In one embodiment, the biomolecule is a protein (such as an enzyme, a structural protein, a transport protein, a signaling protein, a transmembrane protein, a peptide hormone or an antibody) or a fragment thereof, or a nucleic acid (e.g., a single-stranded oligonucleotide, a double-stranded oligonucleotide, a single-stranded polynucleotide, or a double-stranded polynucleotide). The nucleic acid can be, for example, DNA, RNA or a hybrid double-strand formed from DNA and RNA. In one embodiment, the biomolecule is an enzyme (e.g., an oxidoreductase, a transferase, a hydrolase, a lyase, an isomerase, or a ligase). For example, in one embodiment, the enzyme is a hydrolase, such as a glycosidase (often also termed glycoside hydrolase). In one embodiment, the glycosidase is an alpha-galactosidase, such as an alpha-galactosidase selected from the group consisting of agalsidase alpha (e.g., Replegal® manufactured by Shire, United Kingdom) and agalsidase beta (e.g., Fabrazyme® manufactured by Genzyme, Cambridge, Mass.). In one embodiment, the alpha-galactosidase is agalsidase beta. In another embodiment, the biomolecule is a peptide hormone, such as thyroid-stimulating hormone (also known as TSH or thyrotropin). TSH is a glycoprotein consisting of two subunits: the alpha subunit and the beta subunit. A recombinant form of human TSH-alpha is obtainable from Genzyme Corp. under the tradename “Thyrogen”. In yet another embodiment, the biomolecule is an antibody, such as a monoclonal antibody. In certain embodiments, the biomolecule is a glycosylated protein.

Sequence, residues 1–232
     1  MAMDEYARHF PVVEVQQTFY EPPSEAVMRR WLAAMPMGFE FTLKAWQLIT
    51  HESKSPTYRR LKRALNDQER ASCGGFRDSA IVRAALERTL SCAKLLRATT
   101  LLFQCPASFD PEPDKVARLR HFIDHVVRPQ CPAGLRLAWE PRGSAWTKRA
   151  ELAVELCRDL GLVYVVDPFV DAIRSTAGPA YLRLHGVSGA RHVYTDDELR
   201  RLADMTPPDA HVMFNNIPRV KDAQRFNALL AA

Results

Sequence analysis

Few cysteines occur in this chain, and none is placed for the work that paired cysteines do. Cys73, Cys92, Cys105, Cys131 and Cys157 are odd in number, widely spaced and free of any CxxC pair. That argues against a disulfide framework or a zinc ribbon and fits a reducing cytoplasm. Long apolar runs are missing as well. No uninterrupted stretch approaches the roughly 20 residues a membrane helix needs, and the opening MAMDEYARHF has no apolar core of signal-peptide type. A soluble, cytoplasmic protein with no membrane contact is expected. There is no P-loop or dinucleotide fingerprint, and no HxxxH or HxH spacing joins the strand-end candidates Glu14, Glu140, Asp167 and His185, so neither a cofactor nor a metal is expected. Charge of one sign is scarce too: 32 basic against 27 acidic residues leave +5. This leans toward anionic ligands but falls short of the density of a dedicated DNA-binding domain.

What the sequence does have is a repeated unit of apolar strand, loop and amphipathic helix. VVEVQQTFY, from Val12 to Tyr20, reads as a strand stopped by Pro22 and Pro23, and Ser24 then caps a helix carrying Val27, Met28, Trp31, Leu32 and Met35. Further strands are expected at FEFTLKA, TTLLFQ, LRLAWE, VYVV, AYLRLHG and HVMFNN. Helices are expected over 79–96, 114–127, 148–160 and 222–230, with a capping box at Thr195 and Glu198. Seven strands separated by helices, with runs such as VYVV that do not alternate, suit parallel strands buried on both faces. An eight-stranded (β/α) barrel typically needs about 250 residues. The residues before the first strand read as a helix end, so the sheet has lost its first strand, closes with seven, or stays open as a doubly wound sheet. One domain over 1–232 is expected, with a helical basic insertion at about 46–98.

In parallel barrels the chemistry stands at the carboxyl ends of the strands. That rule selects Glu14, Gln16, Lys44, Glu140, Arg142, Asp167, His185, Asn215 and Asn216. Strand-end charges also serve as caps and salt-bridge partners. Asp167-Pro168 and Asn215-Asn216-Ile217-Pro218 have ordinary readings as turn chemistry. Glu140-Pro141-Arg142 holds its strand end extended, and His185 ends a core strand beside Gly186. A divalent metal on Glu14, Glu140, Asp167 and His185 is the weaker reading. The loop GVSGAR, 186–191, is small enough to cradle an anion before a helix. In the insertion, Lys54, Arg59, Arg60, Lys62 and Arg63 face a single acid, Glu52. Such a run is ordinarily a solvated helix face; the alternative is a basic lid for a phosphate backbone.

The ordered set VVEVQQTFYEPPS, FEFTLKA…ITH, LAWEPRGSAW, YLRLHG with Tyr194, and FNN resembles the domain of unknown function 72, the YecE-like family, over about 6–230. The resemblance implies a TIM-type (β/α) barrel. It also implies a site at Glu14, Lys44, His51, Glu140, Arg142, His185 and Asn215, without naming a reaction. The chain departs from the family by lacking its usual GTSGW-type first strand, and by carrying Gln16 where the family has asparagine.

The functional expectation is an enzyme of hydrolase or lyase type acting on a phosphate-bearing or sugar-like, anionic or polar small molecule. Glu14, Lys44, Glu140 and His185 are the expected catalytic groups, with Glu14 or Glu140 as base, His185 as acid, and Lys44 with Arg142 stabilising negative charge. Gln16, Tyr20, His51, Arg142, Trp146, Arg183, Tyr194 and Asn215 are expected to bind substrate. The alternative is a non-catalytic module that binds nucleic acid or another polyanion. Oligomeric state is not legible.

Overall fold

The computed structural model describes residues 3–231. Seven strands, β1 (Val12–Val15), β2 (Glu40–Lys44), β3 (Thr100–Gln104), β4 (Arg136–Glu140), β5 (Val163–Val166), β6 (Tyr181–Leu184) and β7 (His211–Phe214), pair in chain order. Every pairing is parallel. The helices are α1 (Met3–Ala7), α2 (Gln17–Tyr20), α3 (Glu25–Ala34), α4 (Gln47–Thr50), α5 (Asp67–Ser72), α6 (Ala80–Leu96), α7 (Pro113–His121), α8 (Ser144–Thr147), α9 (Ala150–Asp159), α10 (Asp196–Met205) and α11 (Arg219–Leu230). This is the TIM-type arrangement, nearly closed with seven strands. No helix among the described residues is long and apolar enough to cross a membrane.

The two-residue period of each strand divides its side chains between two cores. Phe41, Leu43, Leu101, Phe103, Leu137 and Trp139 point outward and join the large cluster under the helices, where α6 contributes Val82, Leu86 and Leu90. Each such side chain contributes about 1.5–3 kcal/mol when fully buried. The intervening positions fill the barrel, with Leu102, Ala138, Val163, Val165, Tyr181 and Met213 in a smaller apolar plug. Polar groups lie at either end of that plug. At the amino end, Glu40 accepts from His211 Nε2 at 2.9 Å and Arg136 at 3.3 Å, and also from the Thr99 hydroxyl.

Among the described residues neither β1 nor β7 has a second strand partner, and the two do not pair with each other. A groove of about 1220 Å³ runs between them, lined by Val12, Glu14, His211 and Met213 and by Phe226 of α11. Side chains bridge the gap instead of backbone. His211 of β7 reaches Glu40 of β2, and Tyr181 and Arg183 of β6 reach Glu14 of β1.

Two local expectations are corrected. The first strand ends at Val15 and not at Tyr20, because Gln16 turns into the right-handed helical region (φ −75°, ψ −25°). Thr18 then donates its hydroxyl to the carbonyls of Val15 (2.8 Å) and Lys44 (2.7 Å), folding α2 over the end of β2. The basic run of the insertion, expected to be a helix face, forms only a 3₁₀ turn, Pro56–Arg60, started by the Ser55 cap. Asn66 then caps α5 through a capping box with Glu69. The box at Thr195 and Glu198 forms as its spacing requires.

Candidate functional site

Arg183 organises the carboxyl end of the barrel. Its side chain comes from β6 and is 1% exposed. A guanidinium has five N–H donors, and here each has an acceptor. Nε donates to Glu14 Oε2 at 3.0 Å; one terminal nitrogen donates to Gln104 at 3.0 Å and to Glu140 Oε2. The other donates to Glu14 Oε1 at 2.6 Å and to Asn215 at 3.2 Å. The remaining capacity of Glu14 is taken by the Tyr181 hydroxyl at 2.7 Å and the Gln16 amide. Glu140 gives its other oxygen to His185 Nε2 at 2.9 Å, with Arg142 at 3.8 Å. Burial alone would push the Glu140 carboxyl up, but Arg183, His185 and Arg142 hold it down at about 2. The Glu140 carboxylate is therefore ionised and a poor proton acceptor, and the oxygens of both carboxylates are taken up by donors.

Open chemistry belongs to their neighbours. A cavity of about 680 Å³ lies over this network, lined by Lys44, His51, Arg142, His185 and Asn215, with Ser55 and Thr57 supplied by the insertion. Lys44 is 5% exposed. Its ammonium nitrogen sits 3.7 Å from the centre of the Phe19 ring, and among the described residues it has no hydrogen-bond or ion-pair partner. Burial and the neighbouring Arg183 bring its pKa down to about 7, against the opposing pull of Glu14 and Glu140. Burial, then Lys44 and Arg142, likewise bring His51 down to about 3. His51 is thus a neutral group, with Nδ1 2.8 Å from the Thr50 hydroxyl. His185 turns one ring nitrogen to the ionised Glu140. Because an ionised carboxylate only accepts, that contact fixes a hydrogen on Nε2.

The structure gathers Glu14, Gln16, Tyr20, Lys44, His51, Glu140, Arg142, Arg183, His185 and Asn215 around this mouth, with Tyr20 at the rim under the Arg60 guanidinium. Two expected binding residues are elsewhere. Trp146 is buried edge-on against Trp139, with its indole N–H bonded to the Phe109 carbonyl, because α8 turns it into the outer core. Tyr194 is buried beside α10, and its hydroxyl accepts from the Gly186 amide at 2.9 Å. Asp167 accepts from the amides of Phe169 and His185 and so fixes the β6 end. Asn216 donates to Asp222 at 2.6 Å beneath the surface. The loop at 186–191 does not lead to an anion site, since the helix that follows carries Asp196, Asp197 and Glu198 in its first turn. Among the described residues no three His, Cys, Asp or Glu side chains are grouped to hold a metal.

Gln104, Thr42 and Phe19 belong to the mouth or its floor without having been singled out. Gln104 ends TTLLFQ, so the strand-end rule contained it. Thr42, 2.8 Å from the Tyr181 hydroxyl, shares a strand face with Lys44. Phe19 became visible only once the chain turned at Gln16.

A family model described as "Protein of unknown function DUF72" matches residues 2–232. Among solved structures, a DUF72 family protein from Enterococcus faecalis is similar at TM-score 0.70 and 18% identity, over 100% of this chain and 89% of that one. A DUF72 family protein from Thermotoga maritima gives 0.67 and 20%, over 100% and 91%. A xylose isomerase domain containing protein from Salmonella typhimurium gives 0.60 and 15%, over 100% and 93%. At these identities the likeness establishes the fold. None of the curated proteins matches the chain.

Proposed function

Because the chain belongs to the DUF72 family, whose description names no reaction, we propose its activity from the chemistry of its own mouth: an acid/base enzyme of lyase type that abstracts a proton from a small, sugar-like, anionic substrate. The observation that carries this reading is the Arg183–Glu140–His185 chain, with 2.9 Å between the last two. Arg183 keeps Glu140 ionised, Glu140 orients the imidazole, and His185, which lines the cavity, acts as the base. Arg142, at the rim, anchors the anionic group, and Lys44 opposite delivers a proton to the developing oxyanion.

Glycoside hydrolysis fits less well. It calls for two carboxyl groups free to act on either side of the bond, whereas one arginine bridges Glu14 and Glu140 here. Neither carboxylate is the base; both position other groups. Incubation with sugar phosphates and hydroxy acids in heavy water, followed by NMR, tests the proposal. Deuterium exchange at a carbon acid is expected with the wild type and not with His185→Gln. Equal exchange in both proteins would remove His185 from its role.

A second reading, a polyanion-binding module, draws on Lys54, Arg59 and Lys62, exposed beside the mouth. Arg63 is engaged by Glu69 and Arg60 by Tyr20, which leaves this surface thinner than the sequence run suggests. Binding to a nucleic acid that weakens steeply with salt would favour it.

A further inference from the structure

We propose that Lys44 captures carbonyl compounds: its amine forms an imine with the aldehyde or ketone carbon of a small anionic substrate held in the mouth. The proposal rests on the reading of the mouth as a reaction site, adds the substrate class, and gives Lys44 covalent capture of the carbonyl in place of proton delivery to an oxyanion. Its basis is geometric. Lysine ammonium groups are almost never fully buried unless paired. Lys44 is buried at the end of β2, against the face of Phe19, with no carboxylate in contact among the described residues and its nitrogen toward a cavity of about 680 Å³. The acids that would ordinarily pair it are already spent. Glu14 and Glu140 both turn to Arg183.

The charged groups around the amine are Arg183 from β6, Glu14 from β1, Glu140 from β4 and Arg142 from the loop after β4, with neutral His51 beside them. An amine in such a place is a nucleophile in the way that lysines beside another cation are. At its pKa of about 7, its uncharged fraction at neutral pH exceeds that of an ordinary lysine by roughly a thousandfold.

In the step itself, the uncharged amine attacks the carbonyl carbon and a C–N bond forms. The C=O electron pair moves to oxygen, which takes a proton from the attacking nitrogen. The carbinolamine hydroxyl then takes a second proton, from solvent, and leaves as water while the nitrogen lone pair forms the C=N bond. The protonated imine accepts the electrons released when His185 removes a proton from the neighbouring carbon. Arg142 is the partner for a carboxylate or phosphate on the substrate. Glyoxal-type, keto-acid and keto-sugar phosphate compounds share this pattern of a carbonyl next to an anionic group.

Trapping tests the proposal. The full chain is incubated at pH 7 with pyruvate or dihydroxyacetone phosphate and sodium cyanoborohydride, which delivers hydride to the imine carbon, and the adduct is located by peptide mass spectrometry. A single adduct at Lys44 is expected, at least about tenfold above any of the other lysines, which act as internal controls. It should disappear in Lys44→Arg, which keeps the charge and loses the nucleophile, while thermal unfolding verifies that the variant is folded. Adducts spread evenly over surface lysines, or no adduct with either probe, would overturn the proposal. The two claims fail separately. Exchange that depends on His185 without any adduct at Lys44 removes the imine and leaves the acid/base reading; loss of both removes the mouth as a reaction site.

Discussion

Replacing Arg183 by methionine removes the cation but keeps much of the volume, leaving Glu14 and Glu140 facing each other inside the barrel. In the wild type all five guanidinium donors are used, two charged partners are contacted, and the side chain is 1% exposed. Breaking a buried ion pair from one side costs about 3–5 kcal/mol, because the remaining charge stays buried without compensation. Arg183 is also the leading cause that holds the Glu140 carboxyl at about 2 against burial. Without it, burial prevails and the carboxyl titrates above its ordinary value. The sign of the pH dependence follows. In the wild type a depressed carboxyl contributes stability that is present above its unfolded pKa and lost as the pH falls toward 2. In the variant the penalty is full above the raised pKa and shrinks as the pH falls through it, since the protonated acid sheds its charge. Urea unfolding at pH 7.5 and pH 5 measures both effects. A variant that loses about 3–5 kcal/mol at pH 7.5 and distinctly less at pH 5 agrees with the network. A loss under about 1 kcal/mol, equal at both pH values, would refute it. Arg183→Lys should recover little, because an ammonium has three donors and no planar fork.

In one embodiment of the first aspect, the multimodal resin is selected from the group consisting of Capto™ Adhere, Capto™ MMC, Pall PPA HyperCel™, Pall HEA HyperCel™, Pall MEP HyperCel™, and Eshmuno® HCX media. The ligands used in these multimodal resins on the filing day of the present application are shown in FIGS. 4, 5, 6A, 6B, 6C, and 7. In one embodiment, the multimodal resin is Capto™ Adhere.

In a second aspect, the present invention is directed to a purified biomolecule obtainable or obtained by the method according to the first aspect. A biomolecule can be purified or enriched by a method that is gentler than the purification or enrichment methods typically known in the art. Accordingly, it is expected that the purified biomolecule is in a state that is more native than that of a purified biomolecule obtainable by methods of the prior art.